Hello! Signin New? SignUp
in
my basket
designs
0
Purveyor of Fine Machine and Hand Embroidery Designs
I'm looking for

Design Categories
Design Packs
New Designs
Monthly Archive
Bestsellers
Freebies
Sale
Press and Praise
Who We Are
FAQ
Licensing Policy
Gift Certificates
Privacy Policy
Lace-up Socks

Lace-up Socks



Socks have always been the great frustration of the machine embroidery world. They’re so darn temping to embroider, and so darn impossible to hoop. There are creative ways of folding down the top edge of a sock for some mini embroidery, but where’s the fun in that? I want a big, splashy, bold design on my knee high socks to pair with all my favorites boots. Well, if you get a little creative about the “sock” part, you’ll find you can embroider your design anywhere you want it, and then rock your socks in a new fierce lace-up fashion. Plus, I’ll share some tips and tricks for embroidering and working with knit fabrics.


Yup, the main way to get around the hooping problem is the direct route -- just cut 'em in half! It’s the putting them back together part where we get creative. To make your socks, you’ll need:

  • Socks. (I know, right?)
  • Scissors and pins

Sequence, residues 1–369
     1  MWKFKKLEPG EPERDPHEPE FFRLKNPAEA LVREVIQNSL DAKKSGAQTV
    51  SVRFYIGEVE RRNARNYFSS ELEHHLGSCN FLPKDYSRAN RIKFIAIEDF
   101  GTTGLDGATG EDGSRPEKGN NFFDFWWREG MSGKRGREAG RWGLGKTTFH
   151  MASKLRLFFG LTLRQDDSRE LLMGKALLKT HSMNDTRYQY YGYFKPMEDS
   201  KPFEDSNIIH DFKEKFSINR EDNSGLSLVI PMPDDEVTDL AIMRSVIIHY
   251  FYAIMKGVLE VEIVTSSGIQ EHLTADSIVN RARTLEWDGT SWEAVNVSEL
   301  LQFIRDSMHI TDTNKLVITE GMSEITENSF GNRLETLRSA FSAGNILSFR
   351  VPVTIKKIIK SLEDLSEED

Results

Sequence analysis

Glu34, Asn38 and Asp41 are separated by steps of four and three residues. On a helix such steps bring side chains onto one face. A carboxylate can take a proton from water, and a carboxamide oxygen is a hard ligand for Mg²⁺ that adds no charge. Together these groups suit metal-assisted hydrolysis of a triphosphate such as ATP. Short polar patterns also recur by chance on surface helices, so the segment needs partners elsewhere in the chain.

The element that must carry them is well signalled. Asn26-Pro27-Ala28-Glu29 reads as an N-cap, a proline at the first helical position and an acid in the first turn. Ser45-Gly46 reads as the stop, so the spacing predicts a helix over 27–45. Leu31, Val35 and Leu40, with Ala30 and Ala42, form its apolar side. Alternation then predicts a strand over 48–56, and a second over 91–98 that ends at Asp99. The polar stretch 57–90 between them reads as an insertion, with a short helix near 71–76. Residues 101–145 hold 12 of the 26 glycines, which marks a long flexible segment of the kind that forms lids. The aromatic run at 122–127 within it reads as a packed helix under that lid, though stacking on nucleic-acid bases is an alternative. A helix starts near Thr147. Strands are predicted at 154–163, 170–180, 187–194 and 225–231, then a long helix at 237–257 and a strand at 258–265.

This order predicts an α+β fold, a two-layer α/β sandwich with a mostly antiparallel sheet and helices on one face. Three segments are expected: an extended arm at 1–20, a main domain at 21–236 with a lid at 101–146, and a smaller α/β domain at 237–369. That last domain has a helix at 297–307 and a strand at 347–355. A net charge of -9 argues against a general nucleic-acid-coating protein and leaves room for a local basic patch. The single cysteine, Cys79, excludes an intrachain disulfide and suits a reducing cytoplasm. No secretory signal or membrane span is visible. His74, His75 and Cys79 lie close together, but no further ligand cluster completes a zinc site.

• Sheer mesh cutaway stabilizer, such as Sulky Soft 'n' Sheer or Floriani No Show Mesh
  • Light water soluble stabilizer (for thicker knits)
  • Small grommets and tool
  • Hammer
  • Cord for lacing
  • Embroidery design that's on the lighter side, but not so light the stitches will disappear into the knit. I used this tattoo koi.


I would advise a sock that’s not too thick a knit, and one that isn’t too tight around your calf. The key to getting the lacing part to work is you don’t want a sock that you need to stretch too much to fit you. I would also advise an even tighter knit sock than mine. Mine was kind of a pain.


The easiest way to embroider on socks is the direct route you always thought about taking when something is difficult to hoop... cut the darn thing up. Grab your scissors, and cut open the back end of the sock (the side with the heel) from the top to just above where the heel starts.


Now, in order to get a nice sew out on something like knit, you need to take care how you hoop it. Though it’s contrary to most cases, you’ll actually want to gently stretch your knit out in your hoop, because your knit will naturally be stretched when you’re wearing it. Make sure this is done evenly though, or everything will look really wonky while stitching. It may help to spray your stabilizer with some temporary spray adhesive to get the knit to lay right.


Another key to getting a clean sew out on chunkier fabrics is to use a piece of light water soluble stabilizer on top. This will keep your stitches from sinking into the fabric as it’s stitching.

If you want, you can just gently lay this on top of your fabric right before stitching. It doesn’t have to be hooped with the rest of it. Just make sure it covers the area your design will be.


Stitch away!

With some good stabilizer, an even stretch, and a light topping, your design should come out clean and true even on tricky fabrics. I would advise you not stitch anything heavier than this kind of design, though, or your lovely stretchy fabric will get too stiff.